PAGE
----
by carl wilson

'So, elevation and takeoff has to be
between 8 and 11 in the evening usually.'
Derek Bailey Postscript the Second

derek.jpg

I was just reading the Jazzcorner discussion of Derek Bailey's death, as I linked earlier, and came across two things I wanted to share. First, just a note that the funeral takes place Thursday (Jan. 5) at 10 a.m. London time, at the City of London Crematorium. And second, Jon Abbey posted an out-of-print interview with Bailey from 2000 by New Zealand writer Nick Cain, which includes an amazing passage with Bailey's thoughts on collaboration, about the "transcendent" notion of free jazz, which he critiques with great clarity, and about the problem of the workaday nature of art-making for musicians. Especially good reading for other improvisers, but worthwhile for anyone interested in jazz and improv. You'll find it on the jump.

From an interview with Derek Bailey by Nick Cain in Opprobrium magazine, which can be found in full on this page in the Jazzcorner forum.

N: How flexible an improviser do you regard yourself to be? For example, when you play with Han Bennink, you sound different to how you do when you play with Cecil or Steve Lacy - how much of yourself do you think you retain when you're playing with various different people?

D: To me, the way I play is the musical equipment I bring to the event. The way I play is what I'm going to work with. But the music, for me, is brought by the other people. There isn't any point in playing with somebody unless they're going to bring music. I'm sometimes accused of ignoring people I play with, which has always struck me as strange, because I find other people very necessary. I don't, for instance, like playing solo, and I'm not that interested in playing solo - doing it or listening to it, or anything. Although most of the gigs I get are solo. I kind of feel that what I do is not complete unless I'm playing with somebody else. They do more than complete it, they provide the basis for whatever we're doing. It starts with the other people.

Particularly in recent years, I've found that the two most stimulating things in playing are difference and unfamiliarity. The playing I've done over the last five or six years has come about partly through accidents and partly through intention, and it's been poking around looking for other situations outside the improvised music field. The best plays are with other improvisers but to take this tool, this way of playing, into other situations, to see how it works, that's important for me. It's always based in improvisation, because that's the way I work but to make it work with other people, who perhaps don't normally play improvised music, that's very satisfying. [...]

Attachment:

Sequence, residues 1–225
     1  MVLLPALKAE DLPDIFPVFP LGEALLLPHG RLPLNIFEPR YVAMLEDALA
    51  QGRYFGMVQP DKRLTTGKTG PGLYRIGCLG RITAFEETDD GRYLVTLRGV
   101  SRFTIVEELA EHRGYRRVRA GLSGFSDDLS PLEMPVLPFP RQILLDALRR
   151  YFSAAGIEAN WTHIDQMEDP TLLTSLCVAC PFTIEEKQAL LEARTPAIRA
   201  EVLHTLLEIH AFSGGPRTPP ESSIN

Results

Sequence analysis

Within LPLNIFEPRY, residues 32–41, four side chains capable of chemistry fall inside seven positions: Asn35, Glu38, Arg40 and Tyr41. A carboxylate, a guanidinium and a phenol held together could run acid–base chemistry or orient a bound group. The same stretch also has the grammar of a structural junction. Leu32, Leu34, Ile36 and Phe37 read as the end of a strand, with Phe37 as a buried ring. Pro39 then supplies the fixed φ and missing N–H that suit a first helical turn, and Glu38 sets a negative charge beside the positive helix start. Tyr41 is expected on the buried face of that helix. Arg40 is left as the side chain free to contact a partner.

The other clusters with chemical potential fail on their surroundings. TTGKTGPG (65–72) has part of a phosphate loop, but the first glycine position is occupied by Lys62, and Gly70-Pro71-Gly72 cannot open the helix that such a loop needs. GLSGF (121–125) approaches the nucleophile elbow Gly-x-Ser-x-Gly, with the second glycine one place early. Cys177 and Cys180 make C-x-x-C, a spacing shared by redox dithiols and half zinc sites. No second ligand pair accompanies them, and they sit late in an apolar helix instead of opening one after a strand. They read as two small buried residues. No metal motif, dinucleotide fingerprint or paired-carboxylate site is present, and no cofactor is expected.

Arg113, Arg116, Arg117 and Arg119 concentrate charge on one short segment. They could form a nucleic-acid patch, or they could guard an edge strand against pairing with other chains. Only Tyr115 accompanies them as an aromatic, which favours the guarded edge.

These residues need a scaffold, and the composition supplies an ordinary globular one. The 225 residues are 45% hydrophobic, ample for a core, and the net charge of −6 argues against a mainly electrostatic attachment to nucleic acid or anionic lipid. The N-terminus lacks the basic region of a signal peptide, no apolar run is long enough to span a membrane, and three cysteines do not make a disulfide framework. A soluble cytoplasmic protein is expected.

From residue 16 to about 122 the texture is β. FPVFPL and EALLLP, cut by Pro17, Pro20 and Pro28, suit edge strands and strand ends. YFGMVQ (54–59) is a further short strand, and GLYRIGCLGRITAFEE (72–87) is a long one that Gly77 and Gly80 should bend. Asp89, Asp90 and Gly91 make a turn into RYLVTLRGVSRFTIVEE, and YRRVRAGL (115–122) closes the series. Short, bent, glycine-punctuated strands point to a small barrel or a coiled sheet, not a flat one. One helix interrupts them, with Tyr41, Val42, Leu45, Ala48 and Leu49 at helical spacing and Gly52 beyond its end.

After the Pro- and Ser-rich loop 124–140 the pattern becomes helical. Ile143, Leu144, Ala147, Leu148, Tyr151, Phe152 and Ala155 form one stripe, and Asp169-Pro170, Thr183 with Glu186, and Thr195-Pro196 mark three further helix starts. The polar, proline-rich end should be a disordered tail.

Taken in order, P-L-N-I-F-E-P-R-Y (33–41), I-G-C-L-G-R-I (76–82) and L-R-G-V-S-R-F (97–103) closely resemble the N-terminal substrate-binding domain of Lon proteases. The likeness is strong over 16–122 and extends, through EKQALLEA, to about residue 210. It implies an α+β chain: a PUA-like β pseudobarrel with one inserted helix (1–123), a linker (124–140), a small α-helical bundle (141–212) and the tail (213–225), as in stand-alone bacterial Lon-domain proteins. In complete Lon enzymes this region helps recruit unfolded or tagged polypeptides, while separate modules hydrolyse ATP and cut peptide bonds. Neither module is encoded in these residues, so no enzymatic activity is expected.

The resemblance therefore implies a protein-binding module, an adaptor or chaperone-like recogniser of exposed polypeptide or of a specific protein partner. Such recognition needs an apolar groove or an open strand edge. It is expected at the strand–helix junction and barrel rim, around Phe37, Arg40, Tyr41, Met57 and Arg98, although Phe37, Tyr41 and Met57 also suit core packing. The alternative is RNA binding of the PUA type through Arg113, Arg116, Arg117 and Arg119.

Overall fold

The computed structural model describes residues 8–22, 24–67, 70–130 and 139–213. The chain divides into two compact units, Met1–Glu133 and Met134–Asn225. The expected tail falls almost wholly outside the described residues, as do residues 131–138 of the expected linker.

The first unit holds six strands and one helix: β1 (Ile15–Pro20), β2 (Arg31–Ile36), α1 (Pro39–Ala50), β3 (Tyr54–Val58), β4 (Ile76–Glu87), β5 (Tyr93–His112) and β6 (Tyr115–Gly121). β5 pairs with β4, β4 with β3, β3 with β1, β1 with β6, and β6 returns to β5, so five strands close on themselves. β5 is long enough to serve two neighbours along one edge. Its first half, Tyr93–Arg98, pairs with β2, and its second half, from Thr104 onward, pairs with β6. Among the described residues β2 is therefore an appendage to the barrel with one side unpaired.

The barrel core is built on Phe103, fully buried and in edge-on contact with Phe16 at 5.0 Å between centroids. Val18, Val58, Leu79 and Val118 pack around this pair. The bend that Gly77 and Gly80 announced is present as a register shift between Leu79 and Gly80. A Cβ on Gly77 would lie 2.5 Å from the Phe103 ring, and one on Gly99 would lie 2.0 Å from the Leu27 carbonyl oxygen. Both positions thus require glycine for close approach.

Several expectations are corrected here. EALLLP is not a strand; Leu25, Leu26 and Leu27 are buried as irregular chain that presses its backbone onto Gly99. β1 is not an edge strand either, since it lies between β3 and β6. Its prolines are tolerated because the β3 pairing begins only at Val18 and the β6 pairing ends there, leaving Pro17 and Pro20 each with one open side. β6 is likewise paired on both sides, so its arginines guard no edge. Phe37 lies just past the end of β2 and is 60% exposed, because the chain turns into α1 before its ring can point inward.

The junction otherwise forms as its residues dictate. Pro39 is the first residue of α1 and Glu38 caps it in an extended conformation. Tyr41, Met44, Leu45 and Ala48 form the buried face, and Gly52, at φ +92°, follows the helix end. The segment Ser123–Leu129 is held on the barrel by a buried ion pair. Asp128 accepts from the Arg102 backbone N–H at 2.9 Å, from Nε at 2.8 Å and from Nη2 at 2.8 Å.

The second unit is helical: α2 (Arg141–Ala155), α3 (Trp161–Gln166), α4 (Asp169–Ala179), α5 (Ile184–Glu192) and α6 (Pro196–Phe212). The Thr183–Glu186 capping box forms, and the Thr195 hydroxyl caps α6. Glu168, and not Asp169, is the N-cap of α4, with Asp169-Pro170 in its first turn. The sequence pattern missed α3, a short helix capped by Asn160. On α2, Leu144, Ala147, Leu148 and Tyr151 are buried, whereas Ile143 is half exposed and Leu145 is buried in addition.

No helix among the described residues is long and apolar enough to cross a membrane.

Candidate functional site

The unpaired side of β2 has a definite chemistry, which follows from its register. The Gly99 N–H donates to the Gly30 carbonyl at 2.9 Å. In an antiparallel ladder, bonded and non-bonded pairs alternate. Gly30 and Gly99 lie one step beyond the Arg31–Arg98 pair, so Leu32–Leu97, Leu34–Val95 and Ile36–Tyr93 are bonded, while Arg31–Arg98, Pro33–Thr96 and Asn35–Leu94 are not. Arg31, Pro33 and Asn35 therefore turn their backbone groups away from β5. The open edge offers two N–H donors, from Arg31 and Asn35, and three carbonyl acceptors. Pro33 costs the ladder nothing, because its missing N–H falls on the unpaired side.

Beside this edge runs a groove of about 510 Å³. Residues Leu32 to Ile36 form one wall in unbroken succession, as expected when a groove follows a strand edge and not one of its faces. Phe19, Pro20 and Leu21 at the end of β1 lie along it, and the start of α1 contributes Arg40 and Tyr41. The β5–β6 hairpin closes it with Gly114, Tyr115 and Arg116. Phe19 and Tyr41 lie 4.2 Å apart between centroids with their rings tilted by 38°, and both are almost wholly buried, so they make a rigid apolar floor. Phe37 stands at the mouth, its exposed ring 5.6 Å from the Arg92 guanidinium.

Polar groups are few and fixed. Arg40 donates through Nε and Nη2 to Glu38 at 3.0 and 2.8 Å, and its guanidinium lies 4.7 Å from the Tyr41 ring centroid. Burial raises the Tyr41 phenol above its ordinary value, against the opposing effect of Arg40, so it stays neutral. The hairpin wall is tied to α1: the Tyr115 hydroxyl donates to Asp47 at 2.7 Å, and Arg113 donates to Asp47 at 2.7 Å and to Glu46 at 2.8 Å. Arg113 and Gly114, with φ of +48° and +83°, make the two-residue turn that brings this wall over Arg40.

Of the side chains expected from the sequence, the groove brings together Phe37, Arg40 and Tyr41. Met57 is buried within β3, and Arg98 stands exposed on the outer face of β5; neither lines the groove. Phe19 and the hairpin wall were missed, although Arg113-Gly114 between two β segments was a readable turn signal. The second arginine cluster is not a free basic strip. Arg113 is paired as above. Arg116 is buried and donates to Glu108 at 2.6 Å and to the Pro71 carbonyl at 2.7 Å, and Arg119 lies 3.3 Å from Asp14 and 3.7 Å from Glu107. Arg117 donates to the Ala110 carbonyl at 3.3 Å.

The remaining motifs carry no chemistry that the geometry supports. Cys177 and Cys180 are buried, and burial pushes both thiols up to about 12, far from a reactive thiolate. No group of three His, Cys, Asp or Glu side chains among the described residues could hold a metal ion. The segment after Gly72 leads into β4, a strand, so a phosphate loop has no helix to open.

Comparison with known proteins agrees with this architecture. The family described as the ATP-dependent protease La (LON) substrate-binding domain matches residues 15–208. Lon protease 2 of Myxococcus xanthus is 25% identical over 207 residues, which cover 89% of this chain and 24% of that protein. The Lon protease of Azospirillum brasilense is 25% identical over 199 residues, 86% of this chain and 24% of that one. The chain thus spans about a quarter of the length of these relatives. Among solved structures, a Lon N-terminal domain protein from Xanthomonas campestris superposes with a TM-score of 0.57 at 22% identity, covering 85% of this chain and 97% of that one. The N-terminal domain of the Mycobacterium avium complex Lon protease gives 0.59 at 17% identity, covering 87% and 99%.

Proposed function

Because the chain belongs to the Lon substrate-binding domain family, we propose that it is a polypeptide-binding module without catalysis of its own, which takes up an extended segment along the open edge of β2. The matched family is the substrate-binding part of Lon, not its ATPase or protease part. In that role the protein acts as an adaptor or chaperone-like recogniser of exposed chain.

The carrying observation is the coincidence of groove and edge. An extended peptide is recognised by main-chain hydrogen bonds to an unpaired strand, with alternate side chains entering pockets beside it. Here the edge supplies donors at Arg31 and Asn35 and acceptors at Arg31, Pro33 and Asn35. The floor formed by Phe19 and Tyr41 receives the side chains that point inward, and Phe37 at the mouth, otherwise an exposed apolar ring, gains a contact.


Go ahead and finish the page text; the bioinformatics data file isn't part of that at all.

N: What I meant was, when you play with people like that, how much do you adapt to them, and how much do they adapt to you?

D: I thought I'd explained that. I can only adapt so far, because it's of no interest to me to go and play with Min Xiao-Fen, say, and imitate the pipa, use a few of her scales and play with her in a kind of quasi-Chinese way. But it is of interest to me to take what I do and make it work in her situation as far as I can, to see if I can make it work, and to see how successful I can be. She's the essential element - without her, I'm just playing what I always play, and that's of no interest at all to me. Or, very little interest. Except as a research thing. So the other people are vital.

N: So you're recontextualising what you do?

D: Yeah, and that's what it's for - to be recontextualised, as you put it.That's the purpose of it. Taking it into a strange, unfamiliar musical situation vitalises it, that's what it's for. And in a sense, that's what it was always for - to play with other people. Coming round over the years to playing the way I do now, from starting out playing conventionally, was in the first place in order to accommodate playing freely with other people. I never thought that playing free was satisfying enough if I used conventional techniques and material. If I was using conventional techniques and material, I would sooner play conventional music. Particularly when I first started playing freely, I didn't want to lose any of the satisfaction I'd derived from playing conventional jazz. So it had to work for me in certain ways. it wasn't just a question of aiming for some emotional oblivion, and passing from this planet into some sort of transcendent state. I wasn't interested in that approach.

N: You mean like the William Parker/free jazz visionary sort of thing?

D: I don't automatically link them together. William is a remarkable player and I've played with him in situations which have little or nothing to do with free jazz. And playing free jazz with William is quite special in the same way that playing free jazz with Milford Graves is special. The genuine article. So, I've got nothing against that shit when it's played by the right people, but it's not the main thing for me.

N: I think the idea of free playing as an ongoing, workaday kind of music is more honest than this notion of free jazz as providing some sort of spiritual elevation and mental takeoff.

D: There are a lot of strange things about playing that way. You rarely choose the time and place when you play, for instance. This - what did you callit? Elevation and...

N: Takeoff. They're not very good terms.